Chopped Saddles - why?

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Chopped Saddles - why?

Postby X-wing » Mon Dec 03, 2007 7:05 pm

Hi guys, I have a dumb question about saddles used by racers.

I have seen (I think specifically on TT bikes but I am not sure) that the nose of the saddle gets chopped off, making it a blunt looking item.

So far all I have been able to ascertain is that it is to meet 'the rules'... but I haven't been able to find which rule is being met.

Can anyone enlighten me on this? Why do they do it, and what rule is being addressed by taking to the saddle with a saw?

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by BNA » Mon Dec 03, 2007 7:28 pm


Postby toolonglegs » Mon Dec 03, 2007 7:28 pm

The nose of the saddle must be a certain distance behind the bb,cant remember the exact by cutting the nose off you can bring the saddle way forward.Further forward equals more power in an aero position.But they want to stop you moving too far forward into a superman position...think graeme obree.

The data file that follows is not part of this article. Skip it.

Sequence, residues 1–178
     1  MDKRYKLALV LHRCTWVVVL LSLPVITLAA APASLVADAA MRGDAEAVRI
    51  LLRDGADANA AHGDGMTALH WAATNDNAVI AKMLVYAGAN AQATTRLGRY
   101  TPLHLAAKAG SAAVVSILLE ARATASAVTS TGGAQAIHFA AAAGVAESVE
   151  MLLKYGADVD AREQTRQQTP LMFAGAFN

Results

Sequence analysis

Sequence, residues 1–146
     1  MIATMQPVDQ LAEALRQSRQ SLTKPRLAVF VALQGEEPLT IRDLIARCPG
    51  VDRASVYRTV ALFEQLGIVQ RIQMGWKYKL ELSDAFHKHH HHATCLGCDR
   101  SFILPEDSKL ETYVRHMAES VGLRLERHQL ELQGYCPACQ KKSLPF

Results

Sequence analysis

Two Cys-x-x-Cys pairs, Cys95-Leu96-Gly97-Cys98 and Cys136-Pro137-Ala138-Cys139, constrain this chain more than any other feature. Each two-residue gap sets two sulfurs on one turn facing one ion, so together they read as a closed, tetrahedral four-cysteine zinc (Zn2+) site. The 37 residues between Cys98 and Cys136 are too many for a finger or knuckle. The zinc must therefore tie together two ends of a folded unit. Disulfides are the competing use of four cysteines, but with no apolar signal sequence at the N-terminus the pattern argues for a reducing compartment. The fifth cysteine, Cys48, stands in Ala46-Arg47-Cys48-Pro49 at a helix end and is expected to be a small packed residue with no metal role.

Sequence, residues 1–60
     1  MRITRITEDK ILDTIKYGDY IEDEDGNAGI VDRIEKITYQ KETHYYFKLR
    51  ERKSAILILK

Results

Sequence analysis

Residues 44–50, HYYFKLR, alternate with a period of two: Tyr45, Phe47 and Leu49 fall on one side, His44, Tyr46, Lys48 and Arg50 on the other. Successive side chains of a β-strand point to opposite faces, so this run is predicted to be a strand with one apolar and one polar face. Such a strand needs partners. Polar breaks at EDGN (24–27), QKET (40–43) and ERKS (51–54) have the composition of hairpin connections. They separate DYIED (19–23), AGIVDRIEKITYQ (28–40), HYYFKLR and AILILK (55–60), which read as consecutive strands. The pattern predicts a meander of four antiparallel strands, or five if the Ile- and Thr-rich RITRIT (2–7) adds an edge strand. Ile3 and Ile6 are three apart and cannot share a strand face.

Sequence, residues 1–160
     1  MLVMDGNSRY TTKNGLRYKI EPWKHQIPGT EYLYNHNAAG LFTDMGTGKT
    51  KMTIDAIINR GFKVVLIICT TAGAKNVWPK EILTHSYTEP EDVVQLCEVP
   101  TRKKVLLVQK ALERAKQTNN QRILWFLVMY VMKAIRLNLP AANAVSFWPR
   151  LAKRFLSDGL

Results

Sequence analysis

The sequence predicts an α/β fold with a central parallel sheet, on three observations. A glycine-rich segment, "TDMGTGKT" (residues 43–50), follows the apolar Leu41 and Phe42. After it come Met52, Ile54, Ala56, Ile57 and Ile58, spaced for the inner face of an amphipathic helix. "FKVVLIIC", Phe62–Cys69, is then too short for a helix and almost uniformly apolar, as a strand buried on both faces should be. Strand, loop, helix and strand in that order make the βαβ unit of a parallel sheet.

I did a big turn in my race on sunday sitting right on the nose hauling in a breakaway...not very comfy but you can put some real power down.
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Postby X-wing » Mon Dec 03, 2007 7:41 pm

:idea: Ahhh, thanks TooLong, that makes sense now.

I was trying to work out where the advantage could be, but extra power when tucked down in aero is well and truly worth 'the look'.

Cheers mate.

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Postby timbo » Thu Dec 06, 2007 7:58 am

With a time trial cyclist tucked down low in an aero position, he is putting a lot of pressure on his private bits, so if he cuts the nose off the saddle, he is eliminating a pressure point.
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